Journal of Geographical Sciences ›› 2011, Vol. 21 ›› Issue (2): 301-316.doi: 10.1007/s11442-011-0846-5

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The effects of international trade on Chinese carbon emissions: An empirical analysis

WEI Benyong1,2, FANG Xiuqi2, WANG Yuan3   

  1. 1. Institute of Geology, China Earthquake Administration, Beijing 100029, China;
    2. School of Geography, Beijing Normal University, Beijing 100875, China;
    3. School of Environment Science and Technology, Tianjin University, Tianjin 300072, China
  • Received:2010-08-14 Revised:2010-09-21 Online:2011-04-15 Published:2011-04-15
  • Supported by:

    National Science & Technology Pillar Programme of China, No.2007BAC03A11


International trade is an important impact factor to the carbon emissions of a country. As the rapid development of Chinese foreign trade since its entry into the WTO in 2002, the effects of international trade on carbon emissions of China are more and more significant. Using the recent available input-output tables of China and energy consumption data, this study estimated the effects of Chinese foreign trade on carbon emissions and the changes of the effects by analyzing the emissions embodied in trade between 2002 and 2007. The results showed a more and more significant exporting behavior of embodied carbon emissions in Chinese international trade. From 2002 to 2007, the proportion of net exported emissions and domestic exported emissions in domestic emissions increased from 18.32% to 29.79% and from 23.97% to 34.76%, respectively. In addition, about 22.10% and 32.29% of the total imported emissions were generated in processing trade in 2002 and 2007, respectively, which were imported and later exported emissions. Although, most of the sectors showed a growth trend in imported and exported emissions, sectors of electrical machinery and communication electronic equipment, chemical industry, and textile were still the biggest emission exporters, the net exported emissions of which were also the largest. For China and other developing countries, technology improvement may be the most favorable and acceptable ways to reduce carbon emissions at present stage. In the future negotiations on emissions reduction, it would be more fair and reasonable to include the carbon emissions embodied in international trade when accounting the total emissions of an economy.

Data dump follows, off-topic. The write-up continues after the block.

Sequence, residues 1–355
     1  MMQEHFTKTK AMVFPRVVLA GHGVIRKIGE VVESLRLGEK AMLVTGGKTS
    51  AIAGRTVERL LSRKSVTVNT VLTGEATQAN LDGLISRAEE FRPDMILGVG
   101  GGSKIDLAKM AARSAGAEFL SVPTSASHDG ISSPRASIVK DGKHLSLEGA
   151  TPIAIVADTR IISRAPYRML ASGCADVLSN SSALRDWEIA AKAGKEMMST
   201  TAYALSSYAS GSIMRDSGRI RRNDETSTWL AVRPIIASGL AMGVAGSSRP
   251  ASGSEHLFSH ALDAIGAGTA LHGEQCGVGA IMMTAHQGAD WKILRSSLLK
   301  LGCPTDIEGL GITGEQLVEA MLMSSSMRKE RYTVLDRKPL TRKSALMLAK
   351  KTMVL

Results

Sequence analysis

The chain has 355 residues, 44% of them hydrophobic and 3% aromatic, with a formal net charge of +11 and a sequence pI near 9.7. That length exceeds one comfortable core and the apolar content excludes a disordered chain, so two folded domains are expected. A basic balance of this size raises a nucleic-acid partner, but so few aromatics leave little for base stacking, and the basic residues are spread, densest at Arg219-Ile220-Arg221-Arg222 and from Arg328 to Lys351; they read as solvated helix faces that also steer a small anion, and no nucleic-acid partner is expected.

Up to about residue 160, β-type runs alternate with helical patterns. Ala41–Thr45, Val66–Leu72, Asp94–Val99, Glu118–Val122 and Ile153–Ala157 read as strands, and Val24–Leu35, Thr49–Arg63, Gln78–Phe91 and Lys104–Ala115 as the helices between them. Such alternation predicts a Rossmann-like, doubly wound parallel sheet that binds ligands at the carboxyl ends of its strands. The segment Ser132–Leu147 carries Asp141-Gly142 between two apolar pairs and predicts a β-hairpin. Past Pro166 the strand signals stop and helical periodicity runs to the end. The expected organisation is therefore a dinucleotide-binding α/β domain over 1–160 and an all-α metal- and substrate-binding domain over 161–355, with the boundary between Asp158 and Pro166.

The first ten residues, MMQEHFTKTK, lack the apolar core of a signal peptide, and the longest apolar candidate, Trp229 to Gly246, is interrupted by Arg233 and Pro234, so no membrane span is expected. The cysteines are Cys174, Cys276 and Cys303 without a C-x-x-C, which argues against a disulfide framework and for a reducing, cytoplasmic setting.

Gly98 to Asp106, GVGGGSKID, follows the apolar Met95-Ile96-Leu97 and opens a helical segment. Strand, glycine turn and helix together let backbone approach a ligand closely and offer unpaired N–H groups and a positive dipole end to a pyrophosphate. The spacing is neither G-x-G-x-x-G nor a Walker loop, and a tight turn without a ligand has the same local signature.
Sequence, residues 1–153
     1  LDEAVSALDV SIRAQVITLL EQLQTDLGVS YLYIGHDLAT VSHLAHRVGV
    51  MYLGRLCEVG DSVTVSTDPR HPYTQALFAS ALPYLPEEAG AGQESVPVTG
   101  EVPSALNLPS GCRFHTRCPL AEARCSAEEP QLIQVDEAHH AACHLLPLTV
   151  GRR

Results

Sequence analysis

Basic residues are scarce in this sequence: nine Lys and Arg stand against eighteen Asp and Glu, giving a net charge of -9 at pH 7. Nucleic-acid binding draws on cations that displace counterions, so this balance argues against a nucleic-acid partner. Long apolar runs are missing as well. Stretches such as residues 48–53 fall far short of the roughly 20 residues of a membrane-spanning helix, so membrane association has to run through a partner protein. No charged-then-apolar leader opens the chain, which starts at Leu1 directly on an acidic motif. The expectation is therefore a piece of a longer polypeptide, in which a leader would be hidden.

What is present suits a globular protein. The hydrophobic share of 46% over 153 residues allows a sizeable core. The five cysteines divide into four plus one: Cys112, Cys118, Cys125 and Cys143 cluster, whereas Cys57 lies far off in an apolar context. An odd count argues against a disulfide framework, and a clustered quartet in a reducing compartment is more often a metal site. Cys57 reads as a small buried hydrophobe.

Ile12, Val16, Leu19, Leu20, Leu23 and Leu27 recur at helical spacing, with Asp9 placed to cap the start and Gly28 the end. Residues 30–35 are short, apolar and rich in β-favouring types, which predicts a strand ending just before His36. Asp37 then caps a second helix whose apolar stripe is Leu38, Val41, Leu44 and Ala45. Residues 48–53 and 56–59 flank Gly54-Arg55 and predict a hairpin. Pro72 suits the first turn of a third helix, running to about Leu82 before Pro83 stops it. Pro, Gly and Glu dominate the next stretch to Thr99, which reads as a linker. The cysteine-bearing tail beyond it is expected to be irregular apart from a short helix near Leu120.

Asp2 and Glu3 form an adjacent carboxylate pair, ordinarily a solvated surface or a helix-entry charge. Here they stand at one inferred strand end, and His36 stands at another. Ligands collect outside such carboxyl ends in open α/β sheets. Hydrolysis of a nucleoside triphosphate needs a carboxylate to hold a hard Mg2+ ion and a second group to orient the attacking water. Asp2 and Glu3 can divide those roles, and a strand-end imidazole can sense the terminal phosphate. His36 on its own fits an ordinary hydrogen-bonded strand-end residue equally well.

Key words: input-output analysis, carbon emissions, international trade, China